“The secret is letting it steep for one hour,” Garon Roby said as his sweet tea splashed from the dispenser to the glass. “My granny always said if you don’t let it steep, it’ll be so weak you can read a newspaper through it.”
The advice imparted to him by his late grandmother, Eva Roby, was on the money. There was no reading a newspaper through that glass of tea.
“Anything worth doing takes a little time,” he said assuredly as he poured another glass.
A bit of Roby’s philosophy mixed with his grandmother’s words of wisdom goes well with the refreshing brew.
So do pork rinds.
Roby sells the iced drink with the southern staple at The Buzzard Roost, a small stand he sets up on roadsides or at local farmers markets. The sweet tea compliments the seven varieties of pig skins he cooks up.
An avid conversationalist, patrons definitely get their money’s worth when they stop by his setup.
“Honey,” he said, using his favorite term of endearment for ladies from 9 to 90 years old, “ever since I was a young boy, very young, I always said if I opened a business, I would call it ‘The Buzzard Roost.’” Roby grinned as he looked off in the distance. “So, that’s what I call my little operation.”
No matter the palette, there’s likely a fitting pig skin flavor at Roby’s stand.
“I make all the seasonings myself. It’s all special blends,” he said.
For customers who enjoy a bit of zest, Roby’s chili lime or salt and vinegar rinds will fit the bill. Nacho cheddar, Cajun and taco follow closely behind, but plain and barbecue are his big sellers.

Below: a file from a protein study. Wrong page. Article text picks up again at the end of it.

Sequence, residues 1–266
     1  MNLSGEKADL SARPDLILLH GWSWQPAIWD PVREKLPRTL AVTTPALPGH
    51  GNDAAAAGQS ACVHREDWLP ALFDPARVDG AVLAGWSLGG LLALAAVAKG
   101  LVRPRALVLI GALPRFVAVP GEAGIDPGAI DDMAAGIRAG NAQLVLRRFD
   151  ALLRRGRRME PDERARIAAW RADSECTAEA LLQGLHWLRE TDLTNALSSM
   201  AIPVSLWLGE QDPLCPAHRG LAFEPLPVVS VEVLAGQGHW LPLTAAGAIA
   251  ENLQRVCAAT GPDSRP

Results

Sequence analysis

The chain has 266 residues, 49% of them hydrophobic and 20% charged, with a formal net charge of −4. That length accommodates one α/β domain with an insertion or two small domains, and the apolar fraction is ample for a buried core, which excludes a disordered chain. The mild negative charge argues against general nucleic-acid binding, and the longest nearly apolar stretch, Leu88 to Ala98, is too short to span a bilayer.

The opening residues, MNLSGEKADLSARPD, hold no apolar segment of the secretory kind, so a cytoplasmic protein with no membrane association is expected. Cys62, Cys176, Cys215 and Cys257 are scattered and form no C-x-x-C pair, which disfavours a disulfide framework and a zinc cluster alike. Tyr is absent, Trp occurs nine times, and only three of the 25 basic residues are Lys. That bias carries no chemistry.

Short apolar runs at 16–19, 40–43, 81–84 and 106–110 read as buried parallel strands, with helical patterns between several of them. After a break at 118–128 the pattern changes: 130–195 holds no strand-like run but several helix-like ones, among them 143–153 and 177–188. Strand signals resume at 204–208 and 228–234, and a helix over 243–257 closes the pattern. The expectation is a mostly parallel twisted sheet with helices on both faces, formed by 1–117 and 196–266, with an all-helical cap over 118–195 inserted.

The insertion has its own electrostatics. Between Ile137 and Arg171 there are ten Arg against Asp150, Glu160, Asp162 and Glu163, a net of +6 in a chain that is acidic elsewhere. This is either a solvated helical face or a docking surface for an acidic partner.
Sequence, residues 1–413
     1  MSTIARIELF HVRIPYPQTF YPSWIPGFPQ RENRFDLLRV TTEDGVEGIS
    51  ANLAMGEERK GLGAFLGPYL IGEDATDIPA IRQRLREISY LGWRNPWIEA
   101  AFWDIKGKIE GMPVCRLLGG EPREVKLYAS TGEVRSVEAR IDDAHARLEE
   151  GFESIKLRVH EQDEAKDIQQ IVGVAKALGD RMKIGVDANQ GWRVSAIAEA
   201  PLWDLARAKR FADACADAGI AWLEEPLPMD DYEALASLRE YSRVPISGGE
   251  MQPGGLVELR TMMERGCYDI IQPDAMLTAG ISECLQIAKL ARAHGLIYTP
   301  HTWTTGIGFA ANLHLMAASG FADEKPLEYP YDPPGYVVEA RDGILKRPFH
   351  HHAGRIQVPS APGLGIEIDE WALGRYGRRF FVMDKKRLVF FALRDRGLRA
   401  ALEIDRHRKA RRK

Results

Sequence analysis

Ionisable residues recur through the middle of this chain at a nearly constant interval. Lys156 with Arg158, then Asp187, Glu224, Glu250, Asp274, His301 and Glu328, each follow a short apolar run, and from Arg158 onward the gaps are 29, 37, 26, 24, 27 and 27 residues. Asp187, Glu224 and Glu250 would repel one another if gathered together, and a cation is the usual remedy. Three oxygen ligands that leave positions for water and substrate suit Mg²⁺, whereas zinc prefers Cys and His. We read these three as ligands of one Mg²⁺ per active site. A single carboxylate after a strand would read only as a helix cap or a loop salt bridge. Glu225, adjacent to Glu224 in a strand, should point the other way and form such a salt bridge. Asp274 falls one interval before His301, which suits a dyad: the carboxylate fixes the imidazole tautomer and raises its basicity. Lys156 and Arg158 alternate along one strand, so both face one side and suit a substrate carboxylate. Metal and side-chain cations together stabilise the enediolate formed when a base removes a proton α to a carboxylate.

No matter the patron standing in front of him, there’s a story Roby is likely to share:
“In the 80s, I sold enough nachos and popcorn at my Daddy’s place that he bought 15 acres of land outside of Nettleton,” he said with a laugh. “It was fun and I got to meet a lot of folks.”
His father, the late Jimmy Roby, owned a country and western watering hole called Bars Ferry Landing and played in the Bars Ferry Band. Roby worked there in his early years and rubbed elbows with a plethora of musicians – Percy Sledge, George Jones and Tanya Tucker to name a few.
In his tailored, storytelling style, Roby recalled the night country music singer John Anderson played at the popular venue.
“After the set was over and the bar was closed, he wanted my Dad to take him to the Waffle House. So we all drove to Tupelo,” he said. “We were having waffles and conversation with John about his successful single “Swingin,” and how it earned him his first million.”